By Jessica A. Hayes
To best assist our clients, we must have an intricate understanding of these areas of the law, which are often complex and sometimes counterintuitive. We sharpen our skills through membership in national organizations such as the National Academy of Elder Law Attorneys and the Special Needs Alliance, participation in specialized continuing education seminars and conferences which address these issues, and closely following recent developments in the law.
While not everyone needs all of our services, every adult should have in place the documents necessary to allow trusted loved ones to act on their behalf in the event of disability or death. These documents are important to have whether you’re thirty years old and the parent of a minor child, or ninety years old and in declining health.
Each of our practice areas are riddled with obstacles, often undetectable to the untrained eye. You may wish to transfer a large sum of money outright to a child at your death; after asking some questions about that child, however, we learn that he is divorcing or has credit concerns that warrant the use of a trust. Or you may wish to transfer your longtime home to a child during your lifetimes; we may see, however, that doing so could result in significant tax consequences in the event the child sells the home, or that perhaps your health is such that you may need to apply for Medicaid soon, and the transfer would be subject to a 5-year lookback period.
Elder law attorneys carry in our proverbial toolbox dozens of tools designed to best meet our clients’ needs while taking into account a host of issues they may not have considered. If we were general practice attorneys, attempting to stay on top of personal injury law, bankruptcy law, contracts law, and landlord-tenant law, for example, in addition to our practice areas, we simply would not be as well-versed in elder law and the issues that our clients face daily. We specialize in our passion in order to give our clients the best results possible.
Don’t risk your family’s future by relying on an online estate planning service or a “jack of all trades” to get the job done; work with an elder law attorney who will help you enjoy the benefits and avoid the pitfalls of a plan tailored to your individual needs.
Ask Kit Kat – Tree Pruning
Hook Law Center: Kit Kat, when is the ideal time to prune trees, so that animals and birds are not harmed?
Kit Kat: Well, anytime that the trees are bare of their leaves is the ideal time to prune. That means that late fall through early spring is the best time to prune. Once there are leaves on the trees or bushes, squirrels and birds are likely to have established their nests with young offspring to consider. It makes a lot of sense, but something people may not have thought of previously.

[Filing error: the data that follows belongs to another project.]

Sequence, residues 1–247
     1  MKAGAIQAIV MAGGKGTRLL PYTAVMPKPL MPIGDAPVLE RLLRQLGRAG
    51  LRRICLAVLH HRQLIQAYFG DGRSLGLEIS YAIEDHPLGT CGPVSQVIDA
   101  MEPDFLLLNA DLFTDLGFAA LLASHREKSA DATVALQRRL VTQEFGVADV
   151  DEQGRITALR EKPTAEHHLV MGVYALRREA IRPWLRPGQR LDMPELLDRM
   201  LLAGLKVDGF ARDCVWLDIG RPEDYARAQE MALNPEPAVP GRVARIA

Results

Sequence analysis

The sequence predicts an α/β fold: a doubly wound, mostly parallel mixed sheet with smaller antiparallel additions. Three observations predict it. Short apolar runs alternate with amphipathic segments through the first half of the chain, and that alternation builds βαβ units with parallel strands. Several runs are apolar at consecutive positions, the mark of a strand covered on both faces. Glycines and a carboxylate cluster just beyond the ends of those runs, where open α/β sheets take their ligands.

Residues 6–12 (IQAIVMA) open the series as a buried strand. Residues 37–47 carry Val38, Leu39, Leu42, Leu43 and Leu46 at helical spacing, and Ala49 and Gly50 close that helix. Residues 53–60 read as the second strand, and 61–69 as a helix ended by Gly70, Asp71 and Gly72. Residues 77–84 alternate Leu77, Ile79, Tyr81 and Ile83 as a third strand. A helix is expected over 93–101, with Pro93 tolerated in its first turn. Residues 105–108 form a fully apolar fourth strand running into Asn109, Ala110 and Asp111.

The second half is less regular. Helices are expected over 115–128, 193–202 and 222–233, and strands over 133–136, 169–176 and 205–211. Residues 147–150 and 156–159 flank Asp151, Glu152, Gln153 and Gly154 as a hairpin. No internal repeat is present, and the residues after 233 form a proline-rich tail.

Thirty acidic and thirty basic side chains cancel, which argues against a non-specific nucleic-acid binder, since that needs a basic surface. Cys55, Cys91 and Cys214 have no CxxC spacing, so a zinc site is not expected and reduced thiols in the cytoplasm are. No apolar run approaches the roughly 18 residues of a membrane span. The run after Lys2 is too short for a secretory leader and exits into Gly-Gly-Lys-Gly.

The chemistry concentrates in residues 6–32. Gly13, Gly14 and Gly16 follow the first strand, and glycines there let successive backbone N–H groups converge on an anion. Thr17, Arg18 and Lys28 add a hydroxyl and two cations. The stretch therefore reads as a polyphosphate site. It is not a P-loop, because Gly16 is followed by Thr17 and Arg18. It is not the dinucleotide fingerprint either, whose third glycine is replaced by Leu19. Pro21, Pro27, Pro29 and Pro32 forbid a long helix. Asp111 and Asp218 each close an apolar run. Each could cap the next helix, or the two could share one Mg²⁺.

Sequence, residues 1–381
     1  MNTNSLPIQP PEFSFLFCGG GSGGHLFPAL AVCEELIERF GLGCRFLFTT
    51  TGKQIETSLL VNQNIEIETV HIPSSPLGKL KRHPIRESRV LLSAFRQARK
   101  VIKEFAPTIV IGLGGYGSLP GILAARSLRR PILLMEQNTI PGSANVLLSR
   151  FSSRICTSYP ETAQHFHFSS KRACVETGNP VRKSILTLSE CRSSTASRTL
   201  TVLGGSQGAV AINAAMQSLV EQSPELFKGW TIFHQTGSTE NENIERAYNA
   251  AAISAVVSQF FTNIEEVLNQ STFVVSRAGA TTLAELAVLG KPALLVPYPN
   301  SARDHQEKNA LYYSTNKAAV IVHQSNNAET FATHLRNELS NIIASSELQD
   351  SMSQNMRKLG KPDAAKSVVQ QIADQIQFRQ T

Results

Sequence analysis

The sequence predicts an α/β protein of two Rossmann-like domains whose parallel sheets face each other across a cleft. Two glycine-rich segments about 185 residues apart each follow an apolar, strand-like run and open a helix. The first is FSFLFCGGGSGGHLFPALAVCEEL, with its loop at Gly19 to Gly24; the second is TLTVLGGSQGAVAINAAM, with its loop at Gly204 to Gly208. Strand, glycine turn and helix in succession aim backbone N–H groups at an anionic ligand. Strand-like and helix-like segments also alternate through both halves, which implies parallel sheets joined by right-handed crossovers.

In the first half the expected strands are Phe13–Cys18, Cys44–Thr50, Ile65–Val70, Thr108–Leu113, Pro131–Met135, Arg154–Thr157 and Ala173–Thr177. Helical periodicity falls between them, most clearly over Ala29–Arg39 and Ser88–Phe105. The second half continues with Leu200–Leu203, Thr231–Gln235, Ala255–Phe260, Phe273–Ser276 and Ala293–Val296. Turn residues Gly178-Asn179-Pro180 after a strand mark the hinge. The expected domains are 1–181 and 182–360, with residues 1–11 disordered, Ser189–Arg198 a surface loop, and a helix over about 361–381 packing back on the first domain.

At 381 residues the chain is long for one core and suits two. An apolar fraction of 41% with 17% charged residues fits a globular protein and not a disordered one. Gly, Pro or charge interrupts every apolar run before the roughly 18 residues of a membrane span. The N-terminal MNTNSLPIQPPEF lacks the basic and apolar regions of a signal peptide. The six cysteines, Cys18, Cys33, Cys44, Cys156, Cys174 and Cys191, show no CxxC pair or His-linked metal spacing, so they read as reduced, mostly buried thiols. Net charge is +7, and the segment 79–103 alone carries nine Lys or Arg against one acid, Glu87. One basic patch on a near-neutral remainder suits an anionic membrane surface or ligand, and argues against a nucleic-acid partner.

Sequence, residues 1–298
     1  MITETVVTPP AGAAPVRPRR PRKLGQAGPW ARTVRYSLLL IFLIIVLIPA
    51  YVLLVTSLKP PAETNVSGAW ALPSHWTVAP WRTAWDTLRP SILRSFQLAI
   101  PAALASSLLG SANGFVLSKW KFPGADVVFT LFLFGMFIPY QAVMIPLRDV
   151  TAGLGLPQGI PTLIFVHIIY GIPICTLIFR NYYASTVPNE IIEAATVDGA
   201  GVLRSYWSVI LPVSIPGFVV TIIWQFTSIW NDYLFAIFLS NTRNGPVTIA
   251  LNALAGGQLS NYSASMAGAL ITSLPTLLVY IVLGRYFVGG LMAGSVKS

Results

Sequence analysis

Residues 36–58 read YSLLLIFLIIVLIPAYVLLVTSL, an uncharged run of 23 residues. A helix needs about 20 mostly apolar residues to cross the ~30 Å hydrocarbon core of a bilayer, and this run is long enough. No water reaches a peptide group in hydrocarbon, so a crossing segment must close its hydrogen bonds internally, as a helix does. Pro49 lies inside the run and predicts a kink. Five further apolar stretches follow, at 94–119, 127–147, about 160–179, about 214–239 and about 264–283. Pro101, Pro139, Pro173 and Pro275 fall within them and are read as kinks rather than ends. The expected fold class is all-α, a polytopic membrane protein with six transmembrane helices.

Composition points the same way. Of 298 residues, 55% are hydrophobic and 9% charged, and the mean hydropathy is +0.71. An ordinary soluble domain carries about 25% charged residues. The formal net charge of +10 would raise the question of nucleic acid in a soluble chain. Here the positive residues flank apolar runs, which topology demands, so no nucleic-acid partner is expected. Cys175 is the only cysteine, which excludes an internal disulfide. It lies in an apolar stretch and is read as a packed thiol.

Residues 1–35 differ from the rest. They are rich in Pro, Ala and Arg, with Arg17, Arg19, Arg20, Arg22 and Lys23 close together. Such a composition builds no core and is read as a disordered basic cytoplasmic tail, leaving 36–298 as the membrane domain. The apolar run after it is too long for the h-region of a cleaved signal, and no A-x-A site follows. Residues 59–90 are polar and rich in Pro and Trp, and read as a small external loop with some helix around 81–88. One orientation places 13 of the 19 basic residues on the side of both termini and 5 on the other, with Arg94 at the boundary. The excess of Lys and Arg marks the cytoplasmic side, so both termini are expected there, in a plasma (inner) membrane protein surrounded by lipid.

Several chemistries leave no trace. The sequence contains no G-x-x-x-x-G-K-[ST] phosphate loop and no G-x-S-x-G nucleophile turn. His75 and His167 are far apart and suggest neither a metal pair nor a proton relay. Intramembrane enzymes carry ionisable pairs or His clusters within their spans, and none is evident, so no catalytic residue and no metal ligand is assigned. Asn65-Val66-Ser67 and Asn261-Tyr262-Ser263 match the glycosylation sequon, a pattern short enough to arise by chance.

Take the example of a nest of squirrels rescued by Lori Thiele, a wildlife rescuer and biologist. Her finely-tuned ears heard signs of distress when city tree trimmers were at work with their chainsaws. A family of squirrels was in the process of being displaced. The tree trimmers had attempted to move the baby squirrels to a cat carrier, but the mother squirrel was frantic. Lori moved the babies to a cardboard carrier with large holes on the side. Still, the mother could not find them. Next, Lori played pre-recorded baby squirrel vocalizations from her phone. With that mom realized where they were. Lori sat back and watched the mother rescue them. ‘I couldn’t even get out of the way fast enough before the mom started grabbing them—boom, boom, boom. She came down looking for them so quickly that I just started putting them out on the sidewalk, and she had them all three tucked back in the next tree over in like, 30, 45 seconds,’ she reports.
Many nest disruptions happen accidentally, because many animals camouflage themselves so perfectly. Hummingbirds have lichen-covered nests that blend easily to their surroundings. Likewise for hooded orioles who nest under palm fronds, and woodpeckers who live on dead limbs in otherwise live trees. Awareness will help tremendously in reducing the number of these potential tragedies. Pruning in summertime is very hazardous, not only because the young are maturing, but also because the area pruned will have increased sunlight which can be jarring to plants and grass, as well as birds and animals. Sometimes, the heat is so intensified, that the area can actually become scorched. So next time you want to prune trees or bushes in your yard, go gently so that no wildlife is harmed. (Nancy Lawson,“Untimely evictions,” All Animals, November-December 2016, p. 38-39)
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